log x from y = g x mod p can easily find the shared secret.
Textbook descriptions of discrete log can be misleading
about the computational tradeoffs, for example balancing parameters to minimize overall time to compute a single discrete
log. In fact, as shown in Figure 1, a single large precomputation on p can be used to efficiently break a large number
of different Diffie-Hellman exchanges made with that prime.
The typical case Diffie-Hellman is typically implemented
with prime fields and large group orders. In this case, the
most efficient discrete log algorithm is the number field sieve
(NFS) [18, 21, 39].23 The general technique is called index
calculus, and has four stages with different computational
properties. The first three steps are only dependent on the
prime p, and comprise most of the computation.
First is polynomial selection, in which one finds a polynomial f (z) defining a number field Q(z)/f (z) for the computation. (For our cases, f (z) typically has degree 5 or 6.) This
parallelizes well and is only a small portion of the runtime.
There is also a Diffie-Hellman exchange over elliptic curve
groups; we address only the mod p case in this paper.
Recent spectacular advances in discrete log algorithms
have resulted in a quasi-polynomial algorithm for smallcharacteristic fields [3], but these advances are not known to
apply to the prime fields used in practice.
There is a closely related number field sieve algorithm for
factoring [10, 28], and in fact many parts of the implementations can be shared.

Improperly generated groups

A different family of
algorithms runs in time exponential in group order, and they
are practical even for large primes when the group order is
small or has many small prime factors. To avoid this, most
implementations use safe primes, which have the property
that p 1 = 2q for some prime q, so that the only possible
subgroups have order 2 or q. However, as we show in 3.5,
improperly generated groups are sometimes used in practice
and susceptible to attack.
The baby-step giant-step [41] and Pollard rho [38] algo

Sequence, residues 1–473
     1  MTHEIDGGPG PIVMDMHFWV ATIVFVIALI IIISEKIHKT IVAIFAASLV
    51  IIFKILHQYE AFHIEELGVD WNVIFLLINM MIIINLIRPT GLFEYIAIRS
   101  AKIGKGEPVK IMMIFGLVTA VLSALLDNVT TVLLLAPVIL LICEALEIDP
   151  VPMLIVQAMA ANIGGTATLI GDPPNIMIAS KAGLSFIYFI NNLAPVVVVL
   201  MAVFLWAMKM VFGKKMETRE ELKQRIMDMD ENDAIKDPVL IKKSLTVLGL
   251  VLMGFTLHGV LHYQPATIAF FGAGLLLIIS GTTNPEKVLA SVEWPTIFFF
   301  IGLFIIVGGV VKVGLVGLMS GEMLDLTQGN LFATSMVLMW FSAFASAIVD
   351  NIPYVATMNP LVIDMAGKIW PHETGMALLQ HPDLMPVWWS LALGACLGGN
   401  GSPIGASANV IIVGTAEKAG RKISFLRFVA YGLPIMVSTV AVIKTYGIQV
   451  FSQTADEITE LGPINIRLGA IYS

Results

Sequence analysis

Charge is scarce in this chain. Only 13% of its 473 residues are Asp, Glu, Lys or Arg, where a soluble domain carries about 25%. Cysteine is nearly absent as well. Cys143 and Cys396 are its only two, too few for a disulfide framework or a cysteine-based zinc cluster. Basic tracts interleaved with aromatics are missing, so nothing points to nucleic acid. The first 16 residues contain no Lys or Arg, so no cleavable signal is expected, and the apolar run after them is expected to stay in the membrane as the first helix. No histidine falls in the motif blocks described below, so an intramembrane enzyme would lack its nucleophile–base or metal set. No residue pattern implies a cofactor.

rithms both take q time to compute a discrete log in any
(sub)group of
order q, while Pollard lambda [38] can find
x < t in time t. These parallelize well [45], and precomputation can speed up individual log calculations. If the
factorization of the subgroup order q is known, one can
use any of the above algorithms to compute the discrete
log in each subgroup of order qiei dividing q, and then recover x using the Chinese remainder theorem.
is the
P This

e qi using
Pohlig-Hellman algorithm [37], which costs
i i
baby-step giant-step or Pollard rho.
Standard primes Generating primes with special properties can be computationally burdensome, so many implementations use fixed or standardized Diffie-Hellman parameters.
A prominent example is the Oakley groups [36], which give
safe primes of length 768 (Oakley Group 1), 1024 (Oakley
Group 2), and 1536 (Oakley Group 5). These groups were
published in 1998 and have been used for many applications
since, including IKE, SSH, Tor, and OTR.
When primes are of sufficient strength, there seems to be
no disadvantage to reusing them. However, widespread reuse
of Diffie-Hellman groups can convert attacks that are at the
limits of an adversarys capabilities into devastating breaks,
since it allows the attacker to amortize the cost of discrete
log precomputation among vast numbers of potential targets.





82 %





(463 distinct primes)

Table 1: Top 512-bit DH primes for TLS. 8% of Alexa

Top 1M HTTPS domains allow DHE_EXPORT, of which 92%
use one of the two most popular primes, shown here.
a ciphersuite from the clients list and signals its selection in
a ServerHello message (containing a random nonce sr).
TLS specifies ciphersuites supporting multiple varieties of
Diffie-Hellman. Textbook Diffie-Hellman with unrestricted
strength is called ephemeral Diffie-Hellman, or DHE, and
is identified by ciphersuites that begin with TLS_DHE_*.4 In
DHE, the server is responsible for selecting the Diffie-Hellman
parameters. It chooses a group (p, g), computes g b , and sends
a ServerKeyExchange message containing a signature over the
tuple (cr, sr, p, g, g b ) using the long-term signing key from
its certificate. The client verifies the signature and responds
with a ClientKeyExchange message containing g a .
To ensure agreement on the negotiation messages, and to
prevent downgrade attacks [47], each party computes the
TLS master secret from g ab and calculates a MAC of its view
of the handshake transcript. These MACs are exchanged
in a pair of Finished messages and verified by the recipients.
Thereafter, client and server start exchanging application
data, protected by an authenticated encryption scheme with
keys also derived from g ab .


Export-grade Diffie-Hellman. To comply with 1990s-era U.S.

export restrictions on cryptography, SSL 3.0 and TLS 1.0
supported reduced-strength DHE_EXPORT ciphersuites that